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Of the individuals whose lives have influenced, developed, stabilised and broadened the civic and commercial resources of the State of Kansas, one of the most conspicuous was that of the late Col. John Conover. Coming to Kansas in 1857 and locating in Leavenworth, he was one of the pioneer merchants of that city. Going from Kansas at the outbreak of the war into the service of the Union army, he made a brilliant record as a soldier and officer, and that record is one of the many reasons why Kansas people should have a grateful memory of his life. Following the war there came ten years more of successful participation in the business affairs of Leavenworth, at the end of which time he identified himself with Kansas City, Missouri, and there occurred the culminating achievements of his business career, resulting in the founding and development of the Richards & Conover Hardware Company, the largest wholesale house in that line west of St. Louis.
He died January 8, 1914. Before proceeding to the details of his career there should be quoted the summary of his experience which was happily phrased in the editorial columns of the Kansas City Star:
“Colonel John Conover was a typical pioneer of the sort that had conquered the wilderness and made this western country great. A boy whose endowment lacked the glittering non-essentials of wealth and influence, but included the really important qualities that make men count in the world, he hewed his way up from obscurity by industry, energy and intelligence.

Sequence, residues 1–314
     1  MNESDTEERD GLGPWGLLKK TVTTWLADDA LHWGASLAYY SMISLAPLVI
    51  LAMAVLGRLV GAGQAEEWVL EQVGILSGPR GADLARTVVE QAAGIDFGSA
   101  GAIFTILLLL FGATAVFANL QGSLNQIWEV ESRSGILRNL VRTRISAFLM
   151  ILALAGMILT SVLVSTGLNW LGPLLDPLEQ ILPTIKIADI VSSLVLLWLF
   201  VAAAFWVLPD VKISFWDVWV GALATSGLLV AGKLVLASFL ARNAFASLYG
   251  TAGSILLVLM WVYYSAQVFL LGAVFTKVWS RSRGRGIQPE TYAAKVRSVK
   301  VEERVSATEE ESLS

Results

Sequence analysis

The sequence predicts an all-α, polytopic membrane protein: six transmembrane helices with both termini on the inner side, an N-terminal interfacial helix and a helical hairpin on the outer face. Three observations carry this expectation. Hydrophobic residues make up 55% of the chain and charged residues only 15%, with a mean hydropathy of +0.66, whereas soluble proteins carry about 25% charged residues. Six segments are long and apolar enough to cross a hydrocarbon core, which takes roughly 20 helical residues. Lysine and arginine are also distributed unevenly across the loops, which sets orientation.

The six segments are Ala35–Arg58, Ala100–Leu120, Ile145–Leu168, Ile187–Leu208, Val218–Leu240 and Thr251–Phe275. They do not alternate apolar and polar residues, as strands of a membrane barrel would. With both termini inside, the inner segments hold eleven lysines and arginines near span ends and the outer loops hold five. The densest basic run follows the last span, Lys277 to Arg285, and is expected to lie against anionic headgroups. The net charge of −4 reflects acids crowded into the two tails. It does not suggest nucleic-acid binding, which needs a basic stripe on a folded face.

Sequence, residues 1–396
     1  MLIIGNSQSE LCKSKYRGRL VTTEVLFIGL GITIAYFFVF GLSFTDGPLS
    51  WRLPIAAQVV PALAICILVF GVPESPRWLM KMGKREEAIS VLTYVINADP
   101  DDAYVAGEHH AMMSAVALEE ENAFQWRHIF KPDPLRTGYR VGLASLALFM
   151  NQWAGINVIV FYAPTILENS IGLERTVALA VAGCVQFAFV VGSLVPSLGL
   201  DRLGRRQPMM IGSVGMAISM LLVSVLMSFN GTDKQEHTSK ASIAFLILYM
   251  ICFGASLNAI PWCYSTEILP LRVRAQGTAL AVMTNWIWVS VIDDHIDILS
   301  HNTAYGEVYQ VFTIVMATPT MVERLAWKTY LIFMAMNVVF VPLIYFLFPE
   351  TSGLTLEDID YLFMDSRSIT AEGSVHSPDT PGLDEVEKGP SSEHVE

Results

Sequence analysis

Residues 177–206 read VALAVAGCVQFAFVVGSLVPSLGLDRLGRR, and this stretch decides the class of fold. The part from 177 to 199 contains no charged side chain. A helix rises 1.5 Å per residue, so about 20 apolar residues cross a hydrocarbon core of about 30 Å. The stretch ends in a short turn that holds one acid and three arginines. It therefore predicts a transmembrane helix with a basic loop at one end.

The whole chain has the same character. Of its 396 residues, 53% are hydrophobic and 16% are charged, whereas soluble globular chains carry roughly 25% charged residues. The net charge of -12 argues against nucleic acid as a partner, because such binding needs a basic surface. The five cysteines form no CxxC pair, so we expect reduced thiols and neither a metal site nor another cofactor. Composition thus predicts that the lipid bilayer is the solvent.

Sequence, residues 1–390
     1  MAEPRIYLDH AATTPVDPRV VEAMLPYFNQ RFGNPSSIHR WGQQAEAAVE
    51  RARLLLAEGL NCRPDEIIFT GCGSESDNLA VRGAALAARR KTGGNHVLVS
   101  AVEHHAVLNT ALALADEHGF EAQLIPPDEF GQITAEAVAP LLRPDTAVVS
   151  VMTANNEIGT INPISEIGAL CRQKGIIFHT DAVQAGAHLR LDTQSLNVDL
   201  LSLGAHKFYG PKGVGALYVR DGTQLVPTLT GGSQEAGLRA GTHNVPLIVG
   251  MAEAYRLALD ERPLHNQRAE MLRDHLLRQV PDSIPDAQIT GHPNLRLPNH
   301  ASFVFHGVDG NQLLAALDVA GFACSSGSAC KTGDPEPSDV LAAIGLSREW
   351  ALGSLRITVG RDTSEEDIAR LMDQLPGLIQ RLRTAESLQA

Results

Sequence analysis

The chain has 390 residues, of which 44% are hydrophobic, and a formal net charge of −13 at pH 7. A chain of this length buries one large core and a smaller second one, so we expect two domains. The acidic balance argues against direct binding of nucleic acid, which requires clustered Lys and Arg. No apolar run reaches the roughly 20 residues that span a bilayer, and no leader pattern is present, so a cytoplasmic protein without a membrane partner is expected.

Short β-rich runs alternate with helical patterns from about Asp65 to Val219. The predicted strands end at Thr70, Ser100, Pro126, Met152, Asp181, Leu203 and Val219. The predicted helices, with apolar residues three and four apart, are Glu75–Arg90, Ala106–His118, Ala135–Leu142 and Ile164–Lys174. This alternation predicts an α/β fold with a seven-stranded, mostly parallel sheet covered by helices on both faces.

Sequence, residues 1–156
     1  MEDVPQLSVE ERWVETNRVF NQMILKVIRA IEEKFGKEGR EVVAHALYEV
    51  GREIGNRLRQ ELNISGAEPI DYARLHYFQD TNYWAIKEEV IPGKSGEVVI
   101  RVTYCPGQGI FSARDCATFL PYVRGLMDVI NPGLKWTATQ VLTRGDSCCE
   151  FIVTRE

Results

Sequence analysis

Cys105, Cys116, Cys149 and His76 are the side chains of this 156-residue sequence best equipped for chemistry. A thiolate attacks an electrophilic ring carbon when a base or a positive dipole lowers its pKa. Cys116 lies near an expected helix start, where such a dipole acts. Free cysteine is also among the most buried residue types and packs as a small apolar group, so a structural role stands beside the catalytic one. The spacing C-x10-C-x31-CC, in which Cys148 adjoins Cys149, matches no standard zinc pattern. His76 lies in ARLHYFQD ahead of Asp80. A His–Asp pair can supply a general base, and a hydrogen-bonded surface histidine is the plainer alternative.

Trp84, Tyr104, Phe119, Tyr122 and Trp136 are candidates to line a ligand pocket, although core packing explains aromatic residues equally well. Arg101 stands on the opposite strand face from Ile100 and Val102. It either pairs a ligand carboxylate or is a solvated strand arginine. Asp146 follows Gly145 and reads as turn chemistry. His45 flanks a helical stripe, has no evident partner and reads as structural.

“In the war between the states he answered the call of his country and served with distinction. Later he helped to build up an important business which in its half century of existence had become one of the great business enterprises of the country.
“His career was one that people like to regard as exemplifying the possibilities of American life–the carcer in which the substantial qualities find the door of opportunity open to success.”
He was born on a farm near New Brunswick, New Jersey, November 27, 1835. His great-grandfather came to New Jersey from Holland, where the name was spelled Kovenhoven. His son, John, grandfather of Colonel Conover, was a Revolutionary soldier and among other, battles he participated at Monmouth, not far from his own home. After the war he settled near New Brunswick and built the house where John Conover, Sr., and Colonel Conover were both born. John Conover, Sr., who was born in 1810, was a farmer until 1841, and then for thirty years was in the service of the Camden & Amboy Railroad Company, being located at Camden for twenty-four years and later at Philadelphia. He died in 1871. His wife was Jane E. Cornell.
The only son of his parents, Col. John Conover attended the public schools of Camden and at the age of sixteen gained his first acquaintance with the hardware trade as clerk in a store. Four years later, in October, 1856, he went west, to Chicago and Quincy, Illinois, and Keokuk, Iowa, and for a time was assistant engineer on a United States dredge boat on the Des Moines River. In the spring of 1857 he took the boat from St. Louis and landed at Leavenworth March 18, 1857. For two months he was employed by the assistant city engineer, then engaged in taking up land claims in Kansas, and in the fall of 1857 became salesman for the Leavenworth hardware firm of Reisinger & Fenlon.